NATIONAL Arts Council of Zimbabwe (NACZ) spokesperson Catherine Mthombeni yesterday described the closure of Book Café due to financial challenges as a serious blow to the culture industry in Zimbabwe.
BY WINSTONE ANTONIO
Mthombeni called on government and local authorities – which are tasked with running community halls – to invest in such infrastructure and ensure artistes had decent platforms on which to express their talents.
“The closure of this most vibrant venue (Book Café) is a serious blow to the arts and culture sector in Zimbabwe and the nation at large,” she said.
“Most current Zimbabwean artists have in one way or the other benefited from Book Café’s activities which included live musical shows, poetry, stand-up comedy, literary readings, crafts, discussions and film screenings.”
Book Café – which can be credited for the rise of many entertainers among them poets, musicians and comedians – was closed on Monday amid a ballooning debt amassed over the past several years.
Mthombeni said there was a possibility for NACZ to engage the Book Café management to find how they could help.
“NACZ has always been engaging Harare City Council and indeed the local authorities in Zimbabwe to avail venues and community halls to the arts entrepreneur and organisations for rehearsal and performances.
“The council remains hopeful that our request for establishment of National Arts Centre in Zimbabwe preferably in Harare will receive its due attention. Book Café was actually playing the role of a national arts centre in Harare,” she said.
Pamberi Trust, which was established as a natural extension of Book Cafe’s arts development platform, also bemoaned the closure of the arts hub.
Pamberi Trust’s project activities have been focused around workshops and events staged at Book Café,” said the Trust.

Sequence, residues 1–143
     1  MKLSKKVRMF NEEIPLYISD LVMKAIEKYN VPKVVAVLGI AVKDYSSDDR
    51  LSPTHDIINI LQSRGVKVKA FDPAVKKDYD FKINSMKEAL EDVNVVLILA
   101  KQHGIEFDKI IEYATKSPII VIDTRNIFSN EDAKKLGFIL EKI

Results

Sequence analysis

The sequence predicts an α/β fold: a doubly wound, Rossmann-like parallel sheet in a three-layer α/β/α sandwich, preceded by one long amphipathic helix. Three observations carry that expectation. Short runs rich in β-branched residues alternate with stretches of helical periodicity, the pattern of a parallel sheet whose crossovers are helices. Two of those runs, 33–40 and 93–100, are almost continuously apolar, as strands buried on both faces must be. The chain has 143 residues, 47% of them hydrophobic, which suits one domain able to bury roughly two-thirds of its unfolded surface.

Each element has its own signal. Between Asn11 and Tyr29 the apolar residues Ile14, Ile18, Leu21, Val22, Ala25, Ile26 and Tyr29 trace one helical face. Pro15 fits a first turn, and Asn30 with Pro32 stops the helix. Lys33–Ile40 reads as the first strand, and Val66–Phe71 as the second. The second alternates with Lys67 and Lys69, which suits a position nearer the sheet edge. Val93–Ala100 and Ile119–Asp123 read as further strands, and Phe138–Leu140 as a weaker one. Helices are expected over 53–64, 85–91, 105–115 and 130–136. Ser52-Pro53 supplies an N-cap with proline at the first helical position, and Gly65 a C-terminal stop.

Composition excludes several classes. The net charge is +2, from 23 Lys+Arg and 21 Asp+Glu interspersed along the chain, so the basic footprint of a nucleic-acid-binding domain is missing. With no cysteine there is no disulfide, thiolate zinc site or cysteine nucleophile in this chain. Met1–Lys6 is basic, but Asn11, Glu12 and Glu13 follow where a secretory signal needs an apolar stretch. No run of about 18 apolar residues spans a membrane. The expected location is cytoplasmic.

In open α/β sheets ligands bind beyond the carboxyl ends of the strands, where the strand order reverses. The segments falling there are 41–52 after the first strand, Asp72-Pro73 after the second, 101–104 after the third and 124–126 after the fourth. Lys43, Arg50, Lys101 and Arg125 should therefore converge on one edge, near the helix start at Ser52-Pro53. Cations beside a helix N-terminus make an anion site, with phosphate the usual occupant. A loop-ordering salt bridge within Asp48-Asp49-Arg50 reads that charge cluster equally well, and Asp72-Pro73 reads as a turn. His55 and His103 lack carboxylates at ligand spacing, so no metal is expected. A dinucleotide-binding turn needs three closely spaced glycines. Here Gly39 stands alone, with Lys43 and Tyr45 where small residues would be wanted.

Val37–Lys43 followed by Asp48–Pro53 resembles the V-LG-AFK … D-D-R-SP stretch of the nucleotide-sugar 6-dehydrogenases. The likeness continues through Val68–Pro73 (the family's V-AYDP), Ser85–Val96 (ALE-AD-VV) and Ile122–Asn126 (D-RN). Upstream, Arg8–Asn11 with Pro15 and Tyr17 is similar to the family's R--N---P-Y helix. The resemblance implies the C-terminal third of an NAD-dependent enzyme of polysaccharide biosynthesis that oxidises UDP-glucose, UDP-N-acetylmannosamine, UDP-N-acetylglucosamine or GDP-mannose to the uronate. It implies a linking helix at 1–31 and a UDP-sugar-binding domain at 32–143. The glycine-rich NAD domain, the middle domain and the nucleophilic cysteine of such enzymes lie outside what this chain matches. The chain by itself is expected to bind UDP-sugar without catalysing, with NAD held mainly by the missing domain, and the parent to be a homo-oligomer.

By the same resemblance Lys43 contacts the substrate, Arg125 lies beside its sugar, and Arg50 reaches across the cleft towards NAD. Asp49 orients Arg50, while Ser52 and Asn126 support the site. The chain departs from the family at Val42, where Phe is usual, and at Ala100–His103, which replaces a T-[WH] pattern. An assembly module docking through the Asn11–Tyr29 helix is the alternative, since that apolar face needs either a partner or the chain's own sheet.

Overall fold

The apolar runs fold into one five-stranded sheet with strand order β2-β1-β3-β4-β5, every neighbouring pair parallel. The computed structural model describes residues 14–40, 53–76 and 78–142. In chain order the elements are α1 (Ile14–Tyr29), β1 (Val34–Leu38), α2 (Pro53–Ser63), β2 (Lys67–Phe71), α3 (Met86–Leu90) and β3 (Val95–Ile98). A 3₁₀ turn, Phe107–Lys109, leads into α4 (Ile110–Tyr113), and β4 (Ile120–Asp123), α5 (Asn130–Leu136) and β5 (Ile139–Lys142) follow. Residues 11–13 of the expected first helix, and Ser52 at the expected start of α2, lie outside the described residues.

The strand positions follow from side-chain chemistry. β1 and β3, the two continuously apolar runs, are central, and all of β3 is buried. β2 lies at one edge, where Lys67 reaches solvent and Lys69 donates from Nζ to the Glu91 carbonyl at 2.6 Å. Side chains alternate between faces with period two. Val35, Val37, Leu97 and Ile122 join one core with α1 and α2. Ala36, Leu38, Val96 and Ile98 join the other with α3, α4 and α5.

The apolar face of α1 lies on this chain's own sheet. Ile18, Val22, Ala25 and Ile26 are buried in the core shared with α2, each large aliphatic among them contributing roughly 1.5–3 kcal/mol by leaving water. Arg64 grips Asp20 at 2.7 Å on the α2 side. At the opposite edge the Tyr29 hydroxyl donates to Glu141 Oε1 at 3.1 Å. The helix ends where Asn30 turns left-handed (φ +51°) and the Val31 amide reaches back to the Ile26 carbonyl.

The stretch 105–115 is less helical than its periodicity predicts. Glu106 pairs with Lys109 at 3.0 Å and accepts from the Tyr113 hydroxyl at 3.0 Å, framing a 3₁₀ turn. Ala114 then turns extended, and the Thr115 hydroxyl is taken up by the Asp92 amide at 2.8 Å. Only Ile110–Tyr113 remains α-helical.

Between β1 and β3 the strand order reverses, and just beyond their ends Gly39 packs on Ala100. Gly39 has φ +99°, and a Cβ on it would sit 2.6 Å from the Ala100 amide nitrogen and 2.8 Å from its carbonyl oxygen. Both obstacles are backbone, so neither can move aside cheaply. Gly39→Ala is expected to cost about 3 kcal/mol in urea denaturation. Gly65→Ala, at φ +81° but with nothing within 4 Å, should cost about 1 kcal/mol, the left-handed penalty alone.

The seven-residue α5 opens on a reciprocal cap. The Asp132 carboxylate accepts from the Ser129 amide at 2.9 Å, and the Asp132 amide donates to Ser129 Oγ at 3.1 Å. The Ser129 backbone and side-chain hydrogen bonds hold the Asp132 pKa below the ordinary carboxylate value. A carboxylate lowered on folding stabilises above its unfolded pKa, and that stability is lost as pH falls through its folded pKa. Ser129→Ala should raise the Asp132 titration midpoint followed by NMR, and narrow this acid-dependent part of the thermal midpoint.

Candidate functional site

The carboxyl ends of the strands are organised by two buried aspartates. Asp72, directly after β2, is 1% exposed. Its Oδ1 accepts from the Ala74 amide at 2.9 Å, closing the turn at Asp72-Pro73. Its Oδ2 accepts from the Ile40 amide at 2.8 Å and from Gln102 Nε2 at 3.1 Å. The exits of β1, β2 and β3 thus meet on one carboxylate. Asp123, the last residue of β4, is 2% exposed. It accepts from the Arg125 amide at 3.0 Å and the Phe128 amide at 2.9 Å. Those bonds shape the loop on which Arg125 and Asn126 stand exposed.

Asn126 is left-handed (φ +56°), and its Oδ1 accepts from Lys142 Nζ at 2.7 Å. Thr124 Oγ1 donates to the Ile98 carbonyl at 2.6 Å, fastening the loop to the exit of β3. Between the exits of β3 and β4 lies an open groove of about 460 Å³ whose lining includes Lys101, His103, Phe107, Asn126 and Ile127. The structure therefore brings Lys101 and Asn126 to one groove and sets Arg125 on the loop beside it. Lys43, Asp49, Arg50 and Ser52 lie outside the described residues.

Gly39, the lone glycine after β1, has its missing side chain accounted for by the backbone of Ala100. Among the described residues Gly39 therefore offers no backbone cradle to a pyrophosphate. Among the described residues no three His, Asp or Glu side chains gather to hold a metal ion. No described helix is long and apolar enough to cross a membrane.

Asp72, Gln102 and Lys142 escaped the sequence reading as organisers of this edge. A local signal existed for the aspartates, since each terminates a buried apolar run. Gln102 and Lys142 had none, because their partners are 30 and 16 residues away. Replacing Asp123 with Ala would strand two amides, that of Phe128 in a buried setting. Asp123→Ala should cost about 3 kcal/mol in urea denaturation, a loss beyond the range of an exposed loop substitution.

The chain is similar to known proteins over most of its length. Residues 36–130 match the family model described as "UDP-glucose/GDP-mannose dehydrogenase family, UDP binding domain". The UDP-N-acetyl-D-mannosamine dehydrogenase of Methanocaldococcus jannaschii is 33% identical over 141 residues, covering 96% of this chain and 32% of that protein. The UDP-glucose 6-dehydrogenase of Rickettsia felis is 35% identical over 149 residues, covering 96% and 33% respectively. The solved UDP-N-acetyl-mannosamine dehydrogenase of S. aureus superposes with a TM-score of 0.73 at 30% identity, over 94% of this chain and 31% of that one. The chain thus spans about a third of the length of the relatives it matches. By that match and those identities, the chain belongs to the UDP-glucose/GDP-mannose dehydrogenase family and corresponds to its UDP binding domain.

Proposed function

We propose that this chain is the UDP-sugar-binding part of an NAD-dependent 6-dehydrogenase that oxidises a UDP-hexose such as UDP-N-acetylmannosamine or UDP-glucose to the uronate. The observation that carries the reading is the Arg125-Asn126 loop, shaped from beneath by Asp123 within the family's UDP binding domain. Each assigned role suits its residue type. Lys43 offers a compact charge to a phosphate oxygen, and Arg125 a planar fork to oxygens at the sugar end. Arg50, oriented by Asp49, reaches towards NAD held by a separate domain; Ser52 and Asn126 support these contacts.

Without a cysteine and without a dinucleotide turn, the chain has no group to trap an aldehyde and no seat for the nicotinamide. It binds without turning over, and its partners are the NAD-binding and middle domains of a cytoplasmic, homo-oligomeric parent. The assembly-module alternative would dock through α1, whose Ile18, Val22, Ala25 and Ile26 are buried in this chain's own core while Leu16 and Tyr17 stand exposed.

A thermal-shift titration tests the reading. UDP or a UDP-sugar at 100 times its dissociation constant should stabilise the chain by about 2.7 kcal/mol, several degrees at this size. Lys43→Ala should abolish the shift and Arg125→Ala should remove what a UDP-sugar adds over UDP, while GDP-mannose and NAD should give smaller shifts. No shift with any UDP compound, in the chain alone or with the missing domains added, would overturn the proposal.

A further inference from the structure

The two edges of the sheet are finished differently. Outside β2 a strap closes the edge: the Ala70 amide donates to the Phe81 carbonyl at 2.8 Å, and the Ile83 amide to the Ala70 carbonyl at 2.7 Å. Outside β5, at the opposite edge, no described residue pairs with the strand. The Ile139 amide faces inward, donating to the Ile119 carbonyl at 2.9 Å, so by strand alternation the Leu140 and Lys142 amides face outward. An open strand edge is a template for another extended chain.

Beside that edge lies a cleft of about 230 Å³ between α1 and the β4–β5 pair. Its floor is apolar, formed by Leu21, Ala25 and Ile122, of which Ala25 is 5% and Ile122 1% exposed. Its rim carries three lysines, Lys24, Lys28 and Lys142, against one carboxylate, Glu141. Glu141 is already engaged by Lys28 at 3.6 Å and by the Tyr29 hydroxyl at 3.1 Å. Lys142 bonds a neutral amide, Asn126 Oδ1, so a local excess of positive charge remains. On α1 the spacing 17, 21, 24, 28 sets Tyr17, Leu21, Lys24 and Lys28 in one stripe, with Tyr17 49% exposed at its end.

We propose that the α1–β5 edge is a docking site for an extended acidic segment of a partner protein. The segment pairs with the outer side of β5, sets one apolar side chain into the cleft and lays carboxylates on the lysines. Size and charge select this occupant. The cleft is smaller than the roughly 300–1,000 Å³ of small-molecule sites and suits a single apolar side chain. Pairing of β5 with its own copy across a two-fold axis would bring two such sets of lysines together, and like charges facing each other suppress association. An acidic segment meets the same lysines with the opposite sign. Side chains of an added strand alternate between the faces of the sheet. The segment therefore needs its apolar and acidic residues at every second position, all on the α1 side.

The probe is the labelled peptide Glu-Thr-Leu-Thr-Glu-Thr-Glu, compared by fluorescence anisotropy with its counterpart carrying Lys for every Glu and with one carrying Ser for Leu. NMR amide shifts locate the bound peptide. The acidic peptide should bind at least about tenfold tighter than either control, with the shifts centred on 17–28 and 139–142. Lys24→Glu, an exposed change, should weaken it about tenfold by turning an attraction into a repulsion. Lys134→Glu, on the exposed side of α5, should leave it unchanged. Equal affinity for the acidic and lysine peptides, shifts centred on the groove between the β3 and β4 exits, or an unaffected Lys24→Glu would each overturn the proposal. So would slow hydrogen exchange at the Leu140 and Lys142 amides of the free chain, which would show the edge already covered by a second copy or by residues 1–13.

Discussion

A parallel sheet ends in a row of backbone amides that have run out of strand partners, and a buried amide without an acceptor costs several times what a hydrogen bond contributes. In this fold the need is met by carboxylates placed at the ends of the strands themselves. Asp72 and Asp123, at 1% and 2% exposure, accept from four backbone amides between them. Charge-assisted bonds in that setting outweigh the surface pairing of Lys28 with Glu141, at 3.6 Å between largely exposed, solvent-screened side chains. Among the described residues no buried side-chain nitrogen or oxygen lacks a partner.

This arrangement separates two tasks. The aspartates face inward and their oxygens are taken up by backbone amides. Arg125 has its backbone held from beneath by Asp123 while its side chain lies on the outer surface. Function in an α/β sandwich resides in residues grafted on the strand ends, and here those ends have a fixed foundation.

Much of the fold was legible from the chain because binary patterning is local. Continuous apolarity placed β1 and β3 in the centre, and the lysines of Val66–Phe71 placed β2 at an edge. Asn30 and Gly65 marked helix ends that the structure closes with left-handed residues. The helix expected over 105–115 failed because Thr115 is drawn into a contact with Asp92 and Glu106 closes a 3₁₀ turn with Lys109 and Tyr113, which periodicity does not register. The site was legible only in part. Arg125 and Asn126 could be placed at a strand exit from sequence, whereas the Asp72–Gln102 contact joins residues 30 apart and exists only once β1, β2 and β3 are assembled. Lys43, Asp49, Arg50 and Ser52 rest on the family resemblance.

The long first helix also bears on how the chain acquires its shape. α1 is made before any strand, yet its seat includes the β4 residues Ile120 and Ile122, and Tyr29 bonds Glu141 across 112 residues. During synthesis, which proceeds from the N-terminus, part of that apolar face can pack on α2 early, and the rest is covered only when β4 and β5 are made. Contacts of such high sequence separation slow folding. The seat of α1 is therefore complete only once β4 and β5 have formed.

“Sadly Book Café has had to bow to sustained economic pressure and has closed its doors. We are saddened by such a development.”
This is the second time Book Café to close since its inception in 1997 as an expansion of Paul Brickhill’s independent bookshop called Grassroots Books, which was set up in 1983 at Five Avenue Shopping Centre in the capital.
The arts hub once closed in December 2011 before reopening in March 2012 along Samora Machel Avenue.
Tomas Lutuli Brickhill who took over the running of the business from his late father and founder said: “I have decided to take a step back in order to re-strategise and restructure the business.
“It was a difficult decision to close the Samora Machel venue, but if Book Café is to have any place in the future of Zimbabwe’s Arts and Culture scene, I believe that our current course of action is unavoidable.”
Jibilika Dance Trust founder Plot Mhako said the closure of the joint was the saddest development on the local art scene.
He said over the past 11 months, Book Café has provided them with free space and equipment to run their monthly Jibilika Cypher which afforded dancers a chance to showcase their skills.
“I remain hopeful that the joint will re-open soon,” he said.
Comedian Doc Vikela said the closure of Book Café was a sad development not for the artistes only, but for the sector at large urging relevant stakeholders to open another venue for comedians.
“Comedy was born and given a platform at Book Café and its closure is a major blow for both upcoming and renowned comedians. It was at this venue that I and Simba the Comic King, established Simuka Comedy, which became the first recurrent stand-up comedy night in the country,” Doc Vikela said.
“What is painful is that Book Café closed at a time when we thought comedy was on the rise and the joint had become our prime home. We wish they will be something done to reopen the hub.”